After the study model was modified and fitted, path coefficients were tested. There were significant direct relationships between social engagement, time management and emotional regulation with perceived stress, with these variables explaining almost 45% of the variance of perceived stress. This reflects that increased social engagement, time management and emotional regulation can significantly reduce perceived stress levels. Similarly, the results show the significant direct negative impact of technology use, time management and emotional regulation on academic stress. These variables explained nearly 29% of the variance in academic stress.9,41,42 This suggests that factors such as technology use, poor time management, and difficulty regulating emotions can contribute to increased academic stress. It is possible that technology use can lead to distraction, poor time management can lead to procrastination and poor planning, and difficulty regulating emotions can lead to heightened stress levels, all these factors can lead to increased academic stress. In such a situation both perceived stress and academic stress had the same.
The results show three indirect significant standardized links of social engagement, time management and emotional regulation with sleep quality through the mediation of perceived stress. In contrast, the indirect impact of technology use on the quality of sleep by mediating perceived stress was insignificant. Furthermore, none of the indirect relationships of technology use, social engagement, time management and emotional regulation on the quality of sleep by academic stress mediation were significant. A significant positive indirect relationship between social engagement and sleep quality was mediated by perceived stress. Previous research has found a positive correlation between time management and sleep quality.12 These results confirm time management’s significant positive indirect impact on sleep quality by perceived stress mediation.23 These results confirm that there is a direct connection between quality of sleep and emotional regulation, which is mediated by perceived stress, which shows that if emotional regulation reduces stress, this probably helps increase sleep quality.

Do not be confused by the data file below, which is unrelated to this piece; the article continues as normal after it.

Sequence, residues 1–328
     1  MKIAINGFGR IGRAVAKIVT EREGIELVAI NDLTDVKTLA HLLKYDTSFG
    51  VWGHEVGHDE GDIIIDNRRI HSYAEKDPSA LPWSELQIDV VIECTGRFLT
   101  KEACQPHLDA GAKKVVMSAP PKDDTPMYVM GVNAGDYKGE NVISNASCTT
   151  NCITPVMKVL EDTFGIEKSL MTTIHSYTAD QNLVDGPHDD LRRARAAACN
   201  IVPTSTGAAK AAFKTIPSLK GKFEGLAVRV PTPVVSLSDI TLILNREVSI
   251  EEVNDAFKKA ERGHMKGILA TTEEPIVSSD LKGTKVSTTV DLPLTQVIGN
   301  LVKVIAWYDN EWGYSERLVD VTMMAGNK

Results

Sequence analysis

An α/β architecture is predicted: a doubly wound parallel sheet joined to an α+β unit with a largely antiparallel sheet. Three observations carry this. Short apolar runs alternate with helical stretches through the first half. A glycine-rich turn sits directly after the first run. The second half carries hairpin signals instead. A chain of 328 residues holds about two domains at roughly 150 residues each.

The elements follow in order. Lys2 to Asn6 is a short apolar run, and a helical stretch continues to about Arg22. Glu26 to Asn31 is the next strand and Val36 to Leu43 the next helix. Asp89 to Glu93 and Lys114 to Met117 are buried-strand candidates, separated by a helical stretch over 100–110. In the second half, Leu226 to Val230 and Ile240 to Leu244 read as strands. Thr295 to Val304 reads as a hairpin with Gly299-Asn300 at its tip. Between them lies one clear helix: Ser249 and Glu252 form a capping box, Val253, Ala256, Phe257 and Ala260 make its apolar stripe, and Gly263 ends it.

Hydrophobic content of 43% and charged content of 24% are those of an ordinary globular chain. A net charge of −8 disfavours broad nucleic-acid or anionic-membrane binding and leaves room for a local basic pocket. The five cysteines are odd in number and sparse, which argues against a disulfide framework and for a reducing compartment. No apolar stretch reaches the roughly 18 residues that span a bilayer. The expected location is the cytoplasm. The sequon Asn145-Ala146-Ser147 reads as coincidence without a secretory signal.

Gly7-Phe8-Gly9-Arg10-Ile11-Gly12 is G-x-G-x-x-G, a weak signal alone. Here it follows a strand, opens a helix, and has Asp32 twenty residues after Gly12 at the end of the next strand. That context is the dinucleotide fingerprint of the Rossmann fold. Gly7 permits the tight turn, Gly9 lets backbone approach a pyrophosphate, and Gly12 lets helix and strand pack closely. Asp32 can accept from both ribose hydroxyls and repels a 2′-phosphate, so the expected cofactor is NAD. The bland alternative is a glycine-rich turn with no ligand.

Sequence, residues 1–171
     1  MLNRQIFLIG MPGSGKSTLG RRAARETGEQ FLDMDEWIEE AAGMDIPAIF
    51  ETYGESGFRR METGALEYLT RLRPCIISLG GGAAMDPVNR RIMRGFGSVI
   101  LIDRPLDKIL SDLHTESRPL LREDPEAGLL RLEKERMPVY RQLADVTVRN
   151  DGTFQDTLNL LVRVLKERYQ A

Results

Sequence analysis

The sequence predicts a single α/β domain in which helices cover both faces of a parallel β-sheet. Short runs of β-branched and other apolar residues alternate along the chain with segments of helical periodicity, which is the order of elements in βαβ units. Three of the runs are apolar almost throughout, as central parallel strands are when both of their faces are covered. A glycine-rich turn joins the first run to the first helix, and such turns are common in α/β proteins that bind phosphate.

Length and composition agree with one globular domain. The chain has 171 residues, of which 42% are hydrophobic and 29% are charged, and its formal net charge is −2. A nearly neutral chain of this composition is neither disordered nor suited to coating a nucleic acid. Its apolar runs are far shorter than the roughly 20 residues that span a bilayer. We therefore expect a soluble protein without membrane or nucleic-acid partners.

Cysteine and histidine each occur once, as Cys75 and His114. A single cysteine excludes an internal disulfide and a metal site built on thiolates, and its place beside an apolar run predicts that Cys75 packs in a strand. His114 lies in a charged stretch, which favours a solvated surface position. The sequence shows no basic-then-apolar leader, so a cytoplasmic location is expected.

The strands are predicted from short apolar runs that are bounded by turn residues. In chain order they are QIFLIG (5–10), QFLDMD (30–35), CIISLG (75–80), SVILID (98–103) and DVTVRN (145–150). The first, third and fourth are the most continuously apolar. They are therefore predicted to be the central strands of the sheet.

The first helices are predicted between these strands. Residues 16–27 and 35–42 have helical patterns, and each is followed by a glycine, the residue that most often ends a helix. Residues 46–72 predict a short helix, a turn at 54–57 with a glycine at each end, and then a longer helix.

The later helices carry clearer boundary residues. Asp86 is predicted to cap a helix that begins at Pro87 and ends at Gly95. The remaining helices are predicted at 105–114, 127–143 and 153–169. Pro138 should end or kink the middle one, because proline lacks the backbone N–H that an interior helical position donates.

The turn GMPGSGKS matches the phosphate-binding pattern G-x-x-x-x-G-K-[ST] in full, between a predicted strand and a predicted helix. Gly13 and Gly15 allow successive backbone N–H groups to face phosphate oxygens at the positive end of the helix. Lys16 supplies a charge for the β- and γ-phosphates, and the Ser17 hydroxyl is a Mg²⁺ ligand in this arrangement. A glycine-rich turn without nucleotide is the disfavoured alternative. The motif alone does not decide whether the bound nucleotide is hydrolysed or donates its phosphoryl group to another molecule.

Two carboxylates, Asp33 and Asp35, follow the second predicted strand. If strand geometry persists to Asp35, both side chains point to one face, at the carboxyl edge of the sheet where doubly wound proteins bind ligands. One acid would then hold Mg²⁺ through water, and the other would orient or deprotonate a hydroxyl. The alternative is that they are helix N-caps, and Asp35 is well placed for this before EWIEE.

Limitation and recommendation
The findings of the study have some limitations. One of which is the unequal sample size between male and female groups, with the male group being smaller. This may be a factor that impacts the generalization of current research. Thus, an invariance comparison of the current path model needs to be tested in future research with a balanced sample size representing both male and female students. Additionally, the instruments used in the study (e.g., emotional regulation, technology use) may need further validation, even though in the current study their validity and reliability are within an acceptable range. Due to the potentially applicable values of the research result, it is recommended that similar research variables be replicated within the different university student groups.
The results indicate that social engagement, time management, and emotional regulation have a significant indirect impact on sleep quality through perceived stress. The impact of technology use on sleep quality, however, was not significant. To further understand the relationship between these variables and sleep quality, future research should focus on a larger and more diverse sample. The application of these findings could benefit not just undergraduate populations but also other groups with poor sleep quality.
The researchers recommend the development of counselling program to improve sleep quality by providing training and resources on social engagement, effective time management, and methods of emotional regulation and stress management techniques, which could be helpful to reduce students perceived and academic stress levels, resulting in improved sleep and well-being overall.